February 13, 2013

Helping Those with Cerebral Palsy Learn to Speak

by Levin & Perconti

It is encouraging that so many professionals are working on all aspects of understanding and treating medical conditions like cerebral palsy. For a variety of reasons, children continue to be born in our area and throughout the country who suffer from cerebral palsy with various consequences on the rest of their lives. Until we get that number down to zero, it is incumbent upon all of us to do what we can to make the lives of those affected as full as possible.

As Chicago birth injury lawyers, our firm is intimately aware of the serious challenges facing families after a youngster is born with cerebral palsy. Because the term refers to a range of injuries, the consequences for those harmed vary considerably. Some show only mild symptoms, often with movement. However, others face serious challenges, without the ability to walk, talk, or process information clearly. Those with more far-reaching harm are those who need more support, therapy, and access to equipment to help in their development. Cerebral palsy lawsuits often focus on providing the resources for that extra support when the injury itself was caused by mistakes made during a birth.

Research Improving Lives for Those with Cerebral Palsy
While access to financial resources is critical, it is only as worthwhile as the treatments and equipment which can be secured to improve the life for those with cerebral palsy. Fortunately, more and more options are being studied and developed to help maximize the quality of life for these community members. For example, the Daily Aztec recently reported on studies in labs on the San Diego State University campus which are helping to improve the lives of children who suffered the birth injury

According to the report, researchers in a speech therapy lab began investigating the connection between facial expression and speech language development in children with cerebral palsy. Because of the motor function impairments, speech is often inhibited in children with cerebral palsy. However if facial expressions can be translated into various speech alternatives, then those expression may be used to provide the children with an alternative form of communication.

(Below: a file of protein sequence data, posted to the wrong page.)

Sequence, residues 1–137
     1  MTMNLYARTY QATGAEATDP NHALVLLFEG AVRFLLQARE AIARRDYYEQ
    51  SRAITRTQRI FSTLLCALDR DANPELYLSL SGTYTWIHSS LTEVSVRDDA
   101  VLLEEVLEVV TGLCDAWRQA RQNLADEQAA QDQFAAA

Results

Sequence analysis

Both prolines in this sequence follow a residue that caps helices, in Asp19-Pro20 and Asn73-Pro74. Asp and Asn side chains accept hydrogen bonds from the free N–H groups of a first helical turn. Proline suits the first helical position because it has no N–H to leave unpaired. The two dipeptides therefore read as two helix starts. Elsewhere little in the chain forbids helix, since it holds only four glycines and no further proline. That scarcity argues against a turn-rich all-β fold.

To explore this possibilities the researchers plan to use computer technology to track facial movements. The technology is the same as that used in the entertainment industry to create life-like animated characters (i.e. Gollum in the “Lord of the Rings” trilogy).

Summarizing the plan, the lead researcher explains “No one has looked at the speech movements of children with cerebral palsy using this type of technology. We can use the information gathered to help speech-language pathologists understand how to help their clients communicate more effectively.”

The work may ultimately work by categorizing various details about facial expressions and how they translate when certain phrases are read. By comparing the movement of different participants (up to age 18, some with cerebral palsy and some without). Early results are already showing important differences which, if analyzed properly, may be used to better understand the communication styles of those with cerebral palsy.

See Other Blog Posts:

Cerebral Palsy Treatment May be Tied to Umbilical Cord Blood Cells

Cerebral Palsy Diagnosis Turned Out to be Wrong